VA promises benefits
The Department of Veterans Affairs said Wednesday that help is on its way as early as this summer for family members of Iraq and Afghanistan veterans who have been waiting for a long-delayed program to help care for the severely wounded.
But the announcement didn't satisfy senators unhappy about how many families will be helped.
President Obama on May 5 signed a law instructing the VA to provide a monthly stipend, health insurance, mental health help and other aid directly to caregivers to help keep wounded veterans out of nursing homes. But the VA missed a Jan. 31 deadline for implementation. And the Associated Press reported last month that while the VA did announce plans soon after that to help caregivers, aid was available to fewer families than Congress intended.
A VA spokeswoman has said caregivers for about 10 percent of those who were critically wounded in the Iraq and Afghanistan wars would be eligible, an estimated 850 veterans. But a senator has said previously in a statement that the way Congress had written the law, about 3,500 veterans should have a family member who is eligible.
Sarah Wade, who was present along with her husband when Obama signed the bill, was among those whose families might not qualify for the benefit. Her husband, Ted Wade, 33, lost his right arm and sustained a traumatic brain injury in a roadside bombing in Iraq in 2004 while serving with the 82nd Airborne Division. His wife takes care of him, but it's unclear whether his injuries are severe enough to make her eligible for the VA aid.
Veterans' groups and members of Congress have said the effort helps too few families and lacks a timeline for implementation. The VA submitted paperwork this week saying it has a temporary plan to help the caregivers while it continues with the government's rule-making process.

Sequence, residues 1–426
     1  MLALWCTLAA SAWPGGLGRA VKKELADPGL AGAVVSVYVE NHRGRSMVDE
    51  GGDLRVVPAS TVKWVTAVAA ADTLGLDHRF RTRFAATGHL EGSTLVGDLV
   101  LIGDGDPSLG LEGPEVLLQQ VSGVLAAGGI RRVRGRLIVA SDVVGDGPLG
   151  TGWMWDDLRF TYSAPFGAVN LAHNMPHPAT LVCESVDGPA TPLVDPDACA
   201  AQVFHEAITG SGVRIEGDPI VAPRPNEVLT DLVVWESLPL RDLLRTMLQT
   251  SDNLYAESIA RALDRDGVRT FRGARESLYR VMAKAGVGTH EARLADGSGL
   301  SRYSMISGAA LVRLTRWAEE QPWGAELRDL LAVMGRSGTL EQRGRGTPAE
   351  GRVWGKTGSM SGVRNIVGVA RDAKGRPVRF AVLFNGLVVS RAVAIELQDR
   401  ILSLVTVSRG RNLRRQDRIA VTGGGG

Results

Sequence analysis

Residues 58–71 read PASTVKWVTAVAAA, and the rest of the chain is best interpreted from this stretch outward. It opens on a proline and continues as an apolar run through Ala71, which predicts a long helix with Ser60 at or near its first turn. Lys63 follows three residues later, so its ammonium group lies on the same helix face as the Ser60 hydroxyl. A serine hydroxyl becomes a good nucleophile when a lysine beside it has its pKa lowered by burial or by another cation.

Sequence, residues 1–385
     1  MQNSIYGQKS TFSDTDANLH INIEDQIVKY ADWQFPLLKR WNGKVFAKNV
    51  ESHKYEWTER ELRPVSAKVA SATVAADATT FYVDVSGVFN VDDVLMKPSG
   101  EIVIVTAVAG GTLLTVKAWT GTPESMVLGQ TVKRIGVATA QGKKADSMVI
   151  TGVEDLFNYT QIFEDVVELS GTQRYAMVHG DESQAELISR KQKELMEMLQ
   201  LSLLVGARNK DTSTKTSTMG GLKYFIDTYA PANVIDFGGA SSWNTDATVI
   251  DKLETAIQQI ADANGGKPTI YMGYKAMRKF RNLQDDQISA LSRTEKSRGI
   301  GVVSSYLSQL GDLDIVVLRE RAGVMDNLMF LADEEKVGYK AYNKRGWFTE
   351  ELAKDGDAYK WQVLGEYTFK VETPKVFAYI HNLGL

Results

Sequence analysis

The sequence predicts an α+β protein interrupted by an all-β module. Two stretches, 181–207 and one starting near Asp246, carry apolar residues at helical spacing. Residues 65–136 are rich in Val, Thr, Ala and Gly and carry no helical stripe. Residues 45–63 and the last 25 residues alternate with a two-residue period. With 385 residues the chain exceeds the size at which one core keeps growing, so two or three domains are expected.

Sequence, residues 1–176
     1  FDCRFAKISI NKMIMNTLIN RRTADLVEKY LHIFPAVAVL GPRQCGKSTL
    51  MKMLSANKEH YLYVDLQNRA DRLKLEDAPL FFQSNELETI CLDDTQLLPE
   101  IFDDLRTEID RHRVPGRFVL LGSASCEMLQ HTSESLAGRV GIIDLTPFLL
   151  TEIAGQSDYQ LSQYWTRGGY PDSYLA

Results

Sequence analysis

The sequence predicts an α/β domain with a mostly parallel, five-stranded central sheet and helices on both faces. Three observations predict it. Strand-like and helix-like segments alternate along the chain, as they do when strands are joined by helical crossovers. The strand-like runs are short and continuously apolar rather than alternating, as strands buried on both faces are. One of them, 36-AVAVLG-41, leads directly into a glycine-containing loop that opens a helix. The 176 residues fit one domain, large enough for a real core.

"We believe that with this accelerated procedure, these unprecedented new direct-to-caregiver benefits can be fully in place as early as this summer," VA officials say in a factsheet.
But Sens. Patty Murray (D-Wash.), chairman of the Senate Veterans Affairs Committee, and Richard Burr (R-N.C.), the committee's ranking member, said during a hearing Wednesday that they were far from satisfied with the VA's efforts and that not enough people would get the aid.
"We wrote [the law] in a way that was pretty clear," Burr said, later adding, "If you insist on moving this as currently written, it will be one hell of a fight."
Using the example of the Wades, Burr said it appears that Ted Wade is being punished because his wife can care for him at home, keeping him out of an institution but in effect disqualifying her from the benefit. He said the Burrs are the type of family the law was intended to assist.
VA Secretary Eric Shinseki conceded to committee members that the rollout of the plan has taken longer than he anticipated, and said that he isn't happy about that.
But he added that the VA is open to taking suggestions from Congress and veterans about how to draw the line about who qualifies. Because it's the first time the VA has provided such benefits directly to family members of veterans, he said the department has had to work through the "complexities" of it.
"We have an obligation to get this right," Shinseki said.
- Associated Press